Greetings from Chandler, AZ!
I hope this email finds you and your loved ones in good health.
I’m sure you’ve received enough emails about the virus sweeping the world right now. I don’t want to add to that anxiety.
Instead, I want to share with you the best of what I learned this last week while locked away.
First, I rejoined Twitter and crafted my first thread on how you can cheaply build a second brain using digital note-taking apps like Evernote.
Tiago Forte created a course called Building a Second Brain that sells for >$1000. I don’t know about you, but I don’t have that kind of cash sitting around.
I exhausted free/cheap information online to build a DIY version, and I’m ecstatic with how it’s impacted my life. The even better news? You can do the same if you put in the time.
I’ll admit, Building a Second Brain was made for people like me. I recently came across the term “infovore” and I can’t think of a better way to describe me.
But I suspect I’m not alone. If you want to make information work for you instead of bog you down, you should read the blog post I created now:
Links of the Week
The Top Idea In Your Mind – Paul Graham
My favorite quote from the article:
“I think most people have one top idea in their mind at any given time. That’s the idea their thoughts will drift toward when they’re allowed to drift freely. And this idea will thus tend to get all the benefit of that type of thinking, while others are starved of it. Which means it’s a disaster to let the wrong idea become the top one in your mind.”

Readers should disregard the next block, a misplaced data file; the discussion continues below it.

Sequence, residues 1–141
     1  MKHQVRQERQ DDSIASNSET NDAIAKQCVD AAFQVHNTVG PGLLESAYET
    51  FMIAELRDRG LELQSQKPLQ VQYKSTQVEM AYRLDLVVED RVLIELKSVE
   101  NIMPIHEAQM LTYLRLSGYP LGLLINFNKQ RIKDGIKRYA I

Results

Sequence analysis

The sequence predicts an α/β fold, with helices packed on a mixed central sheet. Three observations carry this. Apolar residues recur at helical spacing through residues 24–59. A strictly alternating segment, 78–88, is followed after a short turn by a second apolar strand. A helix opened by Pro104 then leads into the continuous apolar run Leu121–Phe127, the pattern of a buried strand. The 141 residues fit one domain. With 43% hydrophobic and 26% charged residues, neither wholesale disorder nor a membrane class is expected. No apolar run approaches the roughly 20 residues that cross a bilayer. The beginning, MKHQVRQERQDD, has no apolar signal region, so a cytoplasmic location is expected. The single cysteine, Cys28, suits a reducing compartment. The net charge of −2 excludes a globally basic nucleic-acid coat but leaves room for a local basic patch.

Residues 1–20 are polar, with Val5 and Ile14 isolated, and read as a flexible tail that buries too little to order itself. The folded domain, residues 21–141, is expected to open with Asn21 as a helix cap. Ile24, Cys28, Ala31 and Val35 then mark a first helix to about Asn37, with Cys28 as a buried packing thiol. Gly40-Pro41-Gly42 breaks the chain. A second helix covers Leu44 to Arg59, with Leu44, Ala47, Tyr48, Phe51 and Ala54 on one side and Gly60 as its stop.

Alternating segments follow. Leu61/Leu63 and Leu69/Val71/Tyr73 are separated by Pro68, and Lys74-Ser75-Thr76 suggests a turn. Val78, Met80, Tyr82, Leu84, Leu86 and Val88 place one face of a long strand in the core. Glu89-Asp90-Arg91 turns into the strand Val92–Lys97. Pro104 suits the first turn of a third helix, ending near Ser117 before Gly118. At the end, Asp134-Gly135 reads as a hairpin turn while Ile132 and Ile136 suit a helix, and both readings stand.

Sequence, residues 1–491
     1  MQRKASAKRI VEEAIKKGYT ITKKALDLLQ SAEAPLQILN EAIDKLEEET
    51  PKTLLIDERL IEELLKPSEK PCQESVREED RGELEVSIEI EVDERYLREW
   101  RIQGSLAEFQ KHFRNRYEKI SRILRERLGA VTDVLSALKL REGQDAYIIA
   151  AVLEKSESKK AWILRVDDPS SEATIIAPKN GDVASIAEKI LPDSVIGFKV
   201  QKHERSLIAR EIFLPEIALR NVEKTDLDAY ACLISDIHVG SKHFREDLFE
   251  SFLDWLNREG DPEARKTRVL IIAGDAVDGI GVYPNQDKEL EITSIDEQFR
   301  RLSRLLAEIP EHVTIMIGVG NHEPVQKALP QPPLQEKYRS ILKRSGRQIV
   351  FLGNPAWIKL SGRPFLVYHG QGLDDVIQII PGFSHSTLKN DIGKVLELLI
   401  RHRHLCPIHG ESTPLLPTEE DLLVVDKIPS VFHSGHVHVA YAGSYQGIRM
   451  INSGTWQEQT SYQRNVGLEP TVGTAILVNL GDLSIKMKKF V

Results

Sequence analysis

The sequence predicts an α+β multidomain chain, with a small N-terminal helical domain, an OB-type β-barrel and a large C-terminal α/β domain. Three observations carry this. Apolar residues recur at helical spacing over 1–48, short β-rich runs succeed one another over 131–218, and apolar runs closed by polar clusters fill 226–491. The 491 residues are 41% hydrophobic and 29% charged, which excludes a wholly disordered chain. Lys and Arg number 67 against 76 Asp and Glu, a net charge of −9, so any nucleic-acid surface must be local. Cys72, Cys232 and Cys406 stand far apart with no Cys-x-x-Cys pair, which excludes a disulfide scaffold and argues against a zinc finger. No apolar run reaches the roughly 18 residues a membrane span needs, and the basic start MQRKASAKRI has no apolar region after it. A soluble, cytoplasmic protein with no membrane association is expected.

Why You’re Disappointed With Your Work
Ira Glass, host of This American Life says this:
“Nobody tells this to people who are beginners, I wish someone told me. All of us who do creative work, we get into it because we have good taste. But there is this gap. For the first couple years you make stuff, it’s just not that good. It’s trying to be good, it has potential, but it’s not. But your taste, the thing that got you into the game, is still killer. And your taste is why your work disappoints you. A lot of people never get past this phase, they quit. Most people I know who do interesting, creative work went through years of this. We know our work doesn’t have this special thing that we want it to have. We all go through this.
And if you are just starting out or you are still in this phase, you gotta know its normal and the most important thing you can do is do a lot of work. Put yourself on a deadline so that every week you will finish one story. It is only by going through a volume of work that you will close that gap, and your work will be as good as your ambitions. And I took longer to figure out how to do this than anyone I’ve ever met. It’s gonna take awhile. It’s normal to take awhile. You’ve just gotta fight your way through.”
h/t: Sidhartha Jha
The Sigmoid Curve
A mental model for organizational innovation I learned about reading about the All Blacks.
Apply it to businesses. Apply it to your life. How do you get out of the curve and take a “sigmoid leap”?
Inside the Managerial Mind of Liverpool’s Jurgen Klopp
Liverpool FC’s manager has quickly become my favorite coach on the planet. His energy is infectious. His relationships with players are genuine. Here, we get an inside look into the man himself.
Thank you to those of you who respond each week with feedback and article suggestions. I love our conversations.
Until next week,
Stay healthy and wash your hands,